University of Strathclyde US, UK and EU Flags Takes you to the main page for this section

SPP 253

Author: Richard Rose, CSPP
Description: In a Communist state, party politics was Communist politics, and the party gave many inducements for people to join, and used sanctions against those who would not follow the party line. Hence, there are tens of millions of ex-Communist party members in the fledging democracies of Central and Eastern Europe and the former Soviet Union. Whether this is an obstacle to democracies depends upon whether ideological commitment or opportunism was the primary motive for joining. This in turn affects the values that people are likely to have in a post-Communist era. The New Democracy Barometer and the New Russia Barometer survey collect data about party membership as well as respondents' political attitudes of people. This paper analyzes the data to examine the alternative motives that people had for joining the party; to compare what ex-Communists think today with the views of non-Communists; and considers the implications of these findings for the consolidation of democracy. It concludes that the key term in the description of former party members is that they are ex-Communists--and many never did believe the party line that they had to follow publicly in the days of an authoritarian regime.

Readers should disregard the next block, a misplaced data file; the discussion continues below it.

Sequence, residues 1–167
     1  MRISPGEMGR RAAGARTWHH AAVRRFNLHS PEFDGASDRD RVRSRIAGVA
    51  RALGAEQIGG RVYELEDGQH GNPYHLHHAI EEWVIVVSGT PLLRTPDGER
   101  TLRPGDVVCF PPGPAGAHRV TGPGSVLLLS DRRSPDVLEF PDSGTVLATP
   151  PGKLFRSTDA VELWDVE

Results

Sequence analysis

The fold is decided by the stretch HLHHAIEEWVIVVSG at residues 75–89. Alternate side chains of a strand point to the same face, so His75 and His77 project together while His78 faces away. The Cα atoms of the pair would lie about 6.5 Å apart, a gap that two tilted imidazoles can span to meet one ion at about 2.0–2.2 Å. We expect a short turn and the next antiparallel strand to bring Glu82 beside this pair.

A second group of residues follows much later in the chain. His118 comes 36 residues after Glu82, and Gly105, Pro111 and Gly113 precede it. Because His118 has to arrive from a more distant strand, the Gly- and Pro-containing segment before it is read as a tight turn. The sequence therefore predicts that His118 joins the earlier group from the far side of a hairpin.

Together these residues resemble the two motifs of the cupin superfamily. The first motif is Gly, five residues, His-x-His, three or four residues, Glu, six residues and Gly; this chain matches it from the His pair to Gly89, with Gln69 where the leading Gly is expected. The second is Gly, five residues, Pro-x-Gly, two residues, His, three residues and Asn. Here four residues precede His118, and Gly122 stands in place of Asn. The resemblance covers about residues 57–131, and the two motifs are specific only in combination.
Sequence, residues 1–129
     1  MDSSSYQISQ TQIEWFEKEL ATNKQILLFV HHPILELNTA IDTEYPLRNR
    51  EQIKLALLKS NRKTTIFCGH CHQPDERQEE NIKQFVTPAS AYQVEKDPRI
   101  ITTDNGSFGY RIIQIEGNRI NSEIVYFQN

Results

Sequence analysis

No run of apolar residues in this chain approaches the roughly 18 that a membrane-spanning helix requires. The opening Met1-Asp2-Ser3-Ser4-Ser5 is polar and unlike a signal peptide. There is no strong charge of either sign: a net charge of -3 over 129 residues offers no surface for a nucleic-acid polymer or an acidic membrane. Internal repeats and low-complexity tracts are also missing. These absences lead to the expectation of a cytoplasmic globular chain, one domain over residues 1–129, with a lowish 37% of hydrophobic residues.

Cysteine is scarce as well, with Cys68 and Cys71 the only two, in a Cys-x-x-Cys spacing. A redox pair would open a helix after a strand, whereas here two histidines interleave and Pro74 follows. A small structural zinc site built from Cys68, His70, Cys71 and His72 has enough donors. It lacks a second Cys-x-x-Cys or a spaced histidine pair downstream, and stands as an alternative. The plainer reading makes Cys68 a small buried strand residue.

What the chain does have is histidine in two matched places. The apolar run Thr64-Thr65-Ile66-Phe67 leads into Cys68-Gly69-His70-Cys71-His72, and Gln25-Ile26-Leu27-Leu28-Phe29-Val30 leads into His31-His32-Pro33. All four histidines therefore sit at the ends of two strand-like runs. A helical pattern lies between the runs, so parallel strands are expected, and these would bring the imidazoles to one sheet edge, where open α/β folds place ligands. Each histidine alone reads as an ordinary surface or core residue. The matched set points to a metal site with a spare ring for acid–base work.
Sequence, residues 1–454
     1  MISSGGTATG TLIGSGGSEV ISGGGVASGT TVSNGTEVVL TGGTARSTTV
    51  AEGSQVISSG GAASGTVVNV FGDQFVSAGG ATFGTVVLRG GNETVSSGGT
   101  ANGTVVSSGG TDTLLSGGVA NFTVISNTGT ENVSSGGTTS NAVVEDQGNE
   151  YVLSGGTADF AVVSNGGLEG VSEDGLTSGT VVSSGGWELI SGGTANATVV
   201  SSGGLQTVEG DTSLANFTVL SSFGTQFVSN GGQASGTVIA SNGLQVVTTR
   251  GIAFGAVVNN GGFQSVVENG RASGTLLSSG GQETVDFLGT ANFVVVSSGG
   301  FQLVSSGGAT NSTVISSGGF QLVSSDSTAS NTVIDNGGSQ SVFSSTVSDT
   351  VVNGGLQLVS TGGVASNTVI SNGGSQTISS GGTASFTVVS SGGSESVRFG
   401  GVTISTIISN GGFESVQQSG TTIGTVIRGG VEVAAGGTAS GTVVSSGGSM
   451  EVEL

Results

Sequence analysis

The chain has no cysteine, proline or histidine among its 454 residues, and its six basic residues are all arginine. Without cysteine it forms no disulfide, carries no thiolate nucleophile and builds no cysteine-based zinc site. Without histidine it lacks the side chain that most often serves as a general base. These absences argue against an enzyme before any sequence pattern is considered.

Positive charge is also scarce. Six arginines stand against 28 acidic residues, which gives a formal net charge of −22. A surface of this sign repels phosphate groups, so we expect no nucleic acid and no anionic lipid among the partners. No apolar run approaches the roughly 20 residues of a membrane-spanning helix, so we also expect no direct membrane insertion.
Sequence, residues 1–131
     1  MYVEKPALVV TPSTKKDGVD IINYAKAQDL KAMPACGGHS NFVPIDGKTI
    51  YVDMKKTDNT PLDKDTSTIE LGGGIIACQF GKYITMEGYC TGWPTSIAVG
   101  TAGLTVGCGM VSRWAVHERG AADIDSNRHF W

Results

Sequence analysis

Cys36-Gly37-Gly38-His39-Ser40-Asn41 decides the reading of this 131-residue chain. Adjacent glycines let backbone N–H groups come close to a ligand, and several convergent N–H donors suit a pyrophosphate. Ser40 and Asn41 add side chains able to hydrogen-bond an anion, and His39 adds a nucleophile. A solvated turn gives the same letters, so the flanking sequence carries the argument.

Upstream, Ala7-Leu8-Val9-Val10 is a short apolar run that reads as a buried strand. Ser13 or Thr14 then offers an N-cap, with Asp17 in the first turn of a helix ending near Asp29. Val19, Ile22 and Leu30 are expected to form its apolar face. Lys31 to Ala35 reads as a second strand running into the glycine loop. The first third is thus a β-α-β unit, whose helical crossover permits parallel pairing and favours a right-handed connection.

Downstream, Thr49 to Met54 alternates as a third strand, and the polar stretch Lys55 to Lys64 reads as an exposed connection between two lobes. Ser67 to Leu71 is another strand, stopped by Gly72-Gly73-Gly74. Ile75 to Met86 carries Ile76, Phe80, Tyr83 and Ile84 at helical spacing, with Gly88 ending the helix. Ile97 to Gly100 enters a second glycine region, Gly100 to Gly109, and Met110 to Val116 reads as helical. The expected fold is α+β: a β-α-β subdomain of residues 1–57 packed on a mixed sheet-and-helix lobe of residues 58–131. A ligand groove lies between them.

Price: £3.00
Postal Address:    CSPP Publications, University of Strathclyde, Glasgow, G1 1XQ, UK

In order to purchase this paper click the following link to open the university shop and enter the cost/publication info as instructed

CSPP School of Government & Public Policy U. of Strathclyde Glasgow G1 1XQ Scotland